• is there a watch with bluetooth 4.0+, microSD slot, and music player? i cant seem to find anything for running.

  • Kal Lo 5 months ago Link to comment

    Hi, Kris, any update article?

  • Markus K. 9 months ago Link to comment

    I had a classic Pebble which suffered from screen tearing. So i updated to a Pebble Time Steel. And i can't say I'm happy with it. It's big and heavy. And for some reason it doesn't always gets the notifications. Wheres on my other arm there is a Microsoft band. Not so much smartwatch but a lot of sports band. It gets notifications, measures my sleep and my every move. I must say that I actually prefer that. But coming from a classic Pebble I only used notifications on a smartwatch and not apps.

  • I have just put a payment down for a Tag Heuer Connected watch. I have been promised by Harrods that it will arrive before Christmas, but everywhere in the UK has already sold out of their first orders (due to arrive on 9th December).

    I bought a Huawei watch to see if I liked it. I do, but I'm used to much more expensive and higher quality watches, so I think the Tag is the way to go.

  • I owned (and sold) the original Moto and Zen. Battery life was so bad I just stopped using them both. Add in the bulky cases, I just figured smartwatchs were not for me, until I bought the Pebble time. Honestly outstanding. Lasts days, does everything I want (notifications, alarms, ability to send responses to sms via voice, trip info, syncs with Google cal and has a slew of apps) and light enough where I forget about it. Its not perfect, but I've not used anything better yet. Samsung's s-voice eliminates them for me.

  • How come the Moto 360 is the best? I doesn´t even have a proper circular screen. That black band at the bottom is anoying. The LG Urbane is much better.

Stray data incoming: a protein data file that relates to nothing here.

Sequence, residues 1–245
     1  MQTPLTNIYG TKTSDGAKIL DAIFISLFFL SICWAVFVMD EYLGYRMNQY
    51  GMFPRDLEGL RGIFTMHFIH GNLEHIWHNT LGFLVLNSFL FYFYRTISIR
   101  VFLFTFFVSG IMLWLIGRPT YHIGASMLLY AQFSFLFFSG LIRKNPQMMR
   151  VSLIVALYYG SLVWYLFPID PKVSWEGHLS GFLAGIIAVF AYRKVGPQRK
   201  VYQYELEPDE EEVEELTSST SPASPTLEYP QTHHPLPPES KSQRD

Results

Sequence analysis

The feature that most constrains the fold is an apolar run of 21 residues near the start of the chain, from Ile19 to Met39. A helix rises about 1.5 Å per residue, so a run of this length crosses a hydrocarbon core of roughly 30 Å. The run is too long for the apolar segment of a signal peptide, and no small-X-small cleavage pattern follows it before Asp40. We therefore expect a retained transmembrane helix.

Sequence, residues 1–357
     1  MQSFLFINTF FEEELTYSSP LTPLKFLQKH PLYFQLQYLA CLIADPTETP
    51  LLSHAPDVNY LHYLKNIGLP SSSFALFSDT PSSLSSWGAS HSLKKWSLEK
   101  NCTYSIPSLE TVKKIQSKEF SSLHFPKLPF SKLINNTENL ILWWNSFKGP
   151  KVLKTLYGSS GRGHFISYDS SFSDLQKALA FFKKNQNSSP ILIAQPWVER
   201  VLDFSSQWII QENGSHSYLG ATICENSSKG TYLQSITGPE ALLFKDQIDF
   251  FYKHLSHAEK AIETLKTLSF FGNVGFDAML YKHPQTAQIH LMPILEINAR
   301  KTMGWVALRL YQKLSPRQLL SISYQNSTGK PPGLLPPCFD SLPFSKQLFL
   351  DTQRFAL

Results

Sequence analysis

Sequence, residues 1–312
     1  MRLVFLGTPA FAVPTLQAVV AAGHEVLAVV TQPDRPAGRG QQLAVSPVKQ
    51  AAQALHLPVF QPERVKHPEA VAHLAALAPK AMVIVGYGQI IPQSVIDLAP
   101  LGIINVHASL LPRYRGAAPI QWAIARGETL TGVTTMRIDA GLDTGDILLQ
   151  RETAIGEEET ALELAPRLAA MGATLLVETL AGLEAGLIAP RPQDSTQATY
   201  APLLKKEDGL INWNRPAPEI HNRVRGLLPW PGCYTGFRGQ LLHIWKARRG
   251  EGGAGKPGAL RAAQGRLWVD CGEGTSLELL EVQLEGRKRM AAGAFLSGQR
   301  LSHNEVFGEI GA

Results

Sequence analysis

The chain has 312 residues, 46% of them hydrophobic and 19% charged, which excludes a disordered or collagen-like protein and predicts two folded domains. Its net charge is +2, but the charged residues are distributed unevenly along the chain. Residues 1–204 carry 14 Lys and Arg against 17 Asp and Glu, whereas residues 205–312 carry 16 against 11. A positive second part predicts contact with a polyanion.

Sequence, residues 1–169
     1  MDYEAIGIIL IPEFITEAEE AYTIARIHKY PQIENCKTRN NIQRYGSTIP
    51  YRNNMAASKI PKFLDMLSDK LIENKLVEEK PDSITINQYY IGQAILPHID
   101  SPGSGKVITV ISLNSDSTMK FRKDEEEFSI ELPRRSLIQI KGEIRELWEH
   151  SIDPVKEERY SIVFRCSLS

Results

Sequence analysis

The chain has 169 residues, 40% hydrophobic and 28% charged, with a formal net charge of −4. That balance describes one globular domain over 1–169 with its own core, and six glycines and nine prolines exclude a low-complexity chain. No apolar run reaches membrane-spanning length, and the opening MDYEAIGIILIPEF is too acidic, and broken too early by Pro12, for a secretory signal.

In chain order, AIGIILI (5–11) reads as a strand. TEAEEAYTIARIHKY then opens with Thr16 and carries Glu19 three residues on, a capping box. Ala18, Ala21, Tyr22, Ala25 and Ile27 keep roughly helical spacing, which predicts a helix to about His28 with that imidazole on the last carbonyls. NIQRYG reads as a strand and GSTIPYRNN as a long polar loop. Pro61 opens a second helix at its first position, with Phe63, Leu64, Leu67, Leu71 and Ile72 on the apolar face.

• I've owned the original gear and currently the gear live. The latter in terms of functionality and customisation via watchmaker is way better.
    The cradles are truly painful. The live Cradle being the worse design possible. In both cases however price was the deciding factor. $180 AUD for the live.
    Connection drop out is my number 1 gripe. I rely heavily on the notifications. It's annoying Android wear doesn't support sound like the 1st gear. Then again muting the gear after hours was a pain.

    I intend to switch to a round watch next so I'm keen to see what the Moto360 2nd gen brings. As I've just updated to a LG G4, the LG R might end up on my wrist.

  • I have the Gear and its not a bad watch once you root it and can run any android app on it - the downfall of all thee watches is the battery life though - I cant be bothered to take the watch off and insert it in its charging cradle every night!

  • I got a Gear Live and like it because it was dirt cheap. the cradle sucks and I had to replace it once already. luckily they began to be offered on eBay about 3 days after it broke. the 360 is just ugly as sin, and I wouldn't be caught dead wearing the original G Watch. the newer version (round) is cool, but pricey. I like Sony, but the armband on the SW3 is crap...I still can't grasp why they would make that pop out module, and not offer a pocketwatch chain...
    I'm ok with the Gear Live for now, but only because it was the lesser of 8 evils. next year might be time for an upgrade to a 2015 model.

  • I have an LG G Watch, which was given to me by a family member who works at Google. While its kind of cool its also a bit gimmicky. I wouldnt pay money for one of these things. They need to improve the battery lives of these things and also make the watches standalone devices